Sunday, August 28, 2011

The Best Apple Cake in the Whole World - Really!

We've had a lot of fun watching the ladybugs on our apple trees, this summer. So much fun, in fact, we almost missed the apples ripening in the background.

There's no denying fall is in the air. And, you'd really think so, if you could smell the wonderful, apple and cinnamon aroma wafting from my kitchen, right now, thanks to an old Martha Stewart recipe, I found on a 2009 post from The Cookie Shop, entitled, "The Best Apple Cake of the Whole World".

With a title like that, and the promise of a melt in your mouth taste of autumnal goodness, who could resist?

I had barely pulled the bread, and overflow muffins, from the oven, when the Man of the House, was drawn to the kitchen to try one. I was on the phone at the time, and only half paying attention as he asked if it was okay to eat one of the muffins. By the time I was off the phone, he'd eaten two, and was slicing into the bread.

"I don't know what this is," he said. "But, it's going to take all my will power to leave any for the children. I know what we're having for dinner tonight!"

I don't want to keep you waiting, while I ask for permission to reprint the recipe, so I'll just send you by link to Martha Stewart's. Even for a summer lover like myself, this cake is enough to make me happy to say - welcome fall!

It's great to be a homeschooler.

Saturday, August 27, 2011

Ladybugs in Bozeman

We made it home from Butte and Bozeman, and we had a terrific time. But, I did have to laugh. Surrounded by city sights, and sounds - hotel pools, more museums than we had time to visit, and a veritable retail heaven, at least by Montana standards, and what did the children find to look at?


...and their larvae.

We found these while visiting the Tinsley Homestead, the living history farm connected with the Museum of the Rockies. There was a row of sunflowers planted amongst beans, and squash, in a traditional Native American style, and absolutely loaded with ladybugs.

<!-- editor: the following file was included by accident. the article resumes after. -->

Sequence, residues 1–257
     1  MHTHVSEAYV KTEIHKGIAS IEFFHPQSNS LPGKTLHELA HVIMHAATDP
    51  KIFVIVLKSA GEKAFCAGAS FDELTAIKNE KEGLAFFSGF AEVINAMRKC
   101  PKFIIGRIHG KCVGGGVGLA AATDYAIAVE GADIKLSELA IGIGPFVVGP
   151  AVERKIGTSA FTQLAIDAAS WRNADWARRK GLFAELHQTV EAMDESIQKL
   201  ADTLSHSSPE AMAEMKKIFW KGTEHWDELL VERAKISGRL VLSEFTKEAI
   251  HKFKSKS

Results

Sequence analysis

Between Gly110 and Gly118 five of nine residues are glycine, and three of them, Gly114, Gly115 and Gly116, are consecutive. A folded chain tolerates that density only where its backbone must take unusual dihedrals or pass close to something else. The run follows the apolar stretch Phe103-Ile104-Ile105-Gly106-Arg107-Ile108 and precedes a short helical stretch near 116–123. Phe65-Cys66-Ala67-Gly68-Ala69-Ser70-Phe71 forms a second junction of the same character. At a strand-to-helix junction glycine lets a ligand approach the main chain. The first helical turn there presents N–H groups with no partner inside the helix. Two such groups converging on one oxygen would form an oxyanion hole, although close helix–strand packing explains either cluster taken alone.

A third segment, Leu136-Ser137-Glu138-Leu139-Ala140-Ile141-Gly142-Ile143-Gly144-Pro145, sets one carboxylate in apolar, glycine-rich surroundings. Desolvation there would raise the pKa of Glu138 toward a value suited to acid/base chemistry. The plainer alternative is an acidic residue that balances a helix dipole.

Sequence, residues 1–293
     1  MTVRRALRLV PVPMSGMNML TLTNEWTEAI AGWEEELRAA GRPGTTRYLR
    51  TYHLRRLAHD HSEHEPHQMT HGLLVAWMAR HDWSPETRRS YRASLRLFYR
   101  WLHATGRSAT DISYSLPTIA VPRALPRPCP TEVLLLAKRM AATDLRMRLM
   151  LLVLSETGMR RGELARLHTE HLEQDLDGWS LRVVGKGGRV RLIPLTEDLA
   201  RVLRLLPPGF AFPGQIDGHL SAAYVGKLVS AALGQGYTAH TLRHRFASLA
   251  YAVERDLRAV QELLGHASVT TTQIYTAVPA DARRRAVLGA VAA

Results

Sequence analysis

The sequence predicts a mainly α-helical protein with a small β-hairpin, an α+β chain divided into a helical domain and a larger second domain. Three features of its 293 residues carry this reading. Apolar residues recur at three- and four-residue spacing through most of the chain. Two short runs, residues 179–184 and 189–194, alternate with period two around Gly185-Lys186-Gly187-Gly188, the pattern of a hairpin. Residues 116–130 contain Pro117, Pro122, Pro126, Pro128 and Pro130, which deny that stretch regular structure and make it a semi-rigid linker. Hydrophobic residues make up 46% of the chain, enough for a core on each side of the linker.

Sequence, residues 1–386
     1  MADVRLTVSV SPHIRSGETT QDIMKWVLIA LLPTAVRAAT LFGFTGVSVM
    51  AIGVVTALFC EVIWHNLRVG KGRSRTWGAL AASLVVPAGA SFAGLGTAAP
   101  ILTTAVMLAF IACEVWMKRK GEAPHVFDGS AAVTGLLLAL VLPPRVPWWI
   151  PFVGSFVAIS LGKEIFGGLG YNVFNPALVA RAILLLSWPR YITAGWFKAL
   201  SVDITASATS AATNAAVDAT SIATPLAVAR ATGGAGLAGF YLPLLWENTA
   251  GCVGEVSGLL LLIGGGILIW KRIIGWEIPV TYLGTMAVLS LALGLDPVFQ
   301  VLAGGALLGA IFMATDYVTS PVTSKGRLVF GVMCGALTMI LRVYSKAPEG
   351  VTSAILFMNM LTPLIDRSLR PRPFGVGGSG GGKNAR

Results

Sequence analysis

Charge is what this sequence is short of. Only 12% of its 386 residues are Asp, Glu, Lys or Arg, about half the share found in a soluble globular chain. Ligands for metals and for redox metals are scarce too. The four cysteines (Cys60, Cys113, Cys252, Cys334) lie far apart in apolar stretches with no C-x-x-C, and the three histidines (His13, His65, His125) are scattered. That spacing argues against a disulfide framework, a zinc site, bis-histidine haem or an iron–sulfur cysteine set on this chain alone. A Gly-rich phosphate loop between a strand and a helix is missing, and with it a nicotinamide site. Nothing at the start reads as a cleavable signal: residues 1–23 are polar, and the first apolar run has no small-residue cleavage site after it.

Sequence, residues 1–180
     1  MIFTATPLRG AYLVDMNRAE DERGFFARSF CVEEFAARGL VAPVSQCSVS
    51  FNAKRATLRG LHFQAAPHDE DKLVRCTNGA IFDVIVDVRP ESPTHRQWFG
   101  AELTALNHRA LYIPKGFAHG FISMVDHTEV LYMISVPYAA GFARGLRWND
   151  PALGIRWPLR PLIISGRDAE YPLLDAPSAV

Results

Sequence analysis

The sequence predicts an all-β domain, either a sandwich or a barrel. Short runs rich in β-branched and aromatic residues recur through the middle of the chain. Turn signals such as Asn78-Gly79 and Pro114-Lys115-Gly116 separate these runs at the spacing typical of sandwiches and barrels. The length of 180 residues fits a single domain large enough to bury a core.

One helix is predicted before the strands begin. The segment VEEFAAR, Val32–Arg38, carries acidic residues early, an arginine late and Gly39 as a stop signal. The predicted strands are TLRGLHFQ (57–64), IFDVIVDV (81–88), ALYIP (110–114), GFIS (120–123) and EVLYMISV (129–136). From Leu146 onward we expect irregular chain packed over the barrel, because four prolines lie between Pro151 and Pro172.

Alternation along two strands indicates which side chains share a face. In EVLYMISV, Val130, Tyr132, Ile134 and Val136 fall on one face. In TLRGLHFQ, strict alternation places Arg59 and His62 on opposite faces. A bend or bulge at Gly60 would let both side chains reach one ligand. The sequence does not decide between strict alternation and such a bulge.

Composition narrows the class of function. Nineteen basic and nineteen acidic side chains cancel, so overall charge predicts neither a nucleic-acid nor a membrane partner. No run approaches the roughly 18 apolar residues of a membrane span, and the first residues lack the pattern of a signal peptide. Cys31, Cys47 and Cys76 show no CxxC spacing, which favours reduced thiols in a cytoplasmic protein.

I slipped inside the farmhouse, and asked whether they had been purposely released around the "farm", or if they had just showed up. Apparently, they came on their own, and local to the area.

The children noticed right away, that both the ladybugs, and the larvae were different than what we've been seeing around our yard.

So, for a fall challenge, I've asked the older children to look online, and in printed field guides, to see if they can identify the various ladybugs we've photographed this summer, and match them with the correct larvae. Of the almost 5000 species of ladybugs, nearly 400 can be found in North America. It ought to prove quite challenging to identify the 5 or 6 varieties we've bumped into, this summer.

I've already identified a couple, like the Seven Spotted Ladybug (looked for by the folks at Cornell University's Lost Ladybug Project)...

...and the Asian Ladybug, pictured to the right, and distinguished by its oval shape, orangy color, multiple spots, and "M" on its head, but I've really been stumped by some of the others. I'm curious to see how the children do.

It ought to keep our entomology up, well into the fall.

For more science themed fun and ideas for children, check out the Science Sunday link-up, hosted by Adventure's in Mommydom.

It's great to be a homeschooler.

Thursday, August 25, 2011

Cookie Road Map

We have a chance to tag along on an overnight business trip with the Man of the House, this week, and explore the big cities of Butte and Bozeman, while he works.

Before a road trip, it's always wise to consult the map - or eat it, if it happens to be a cookie.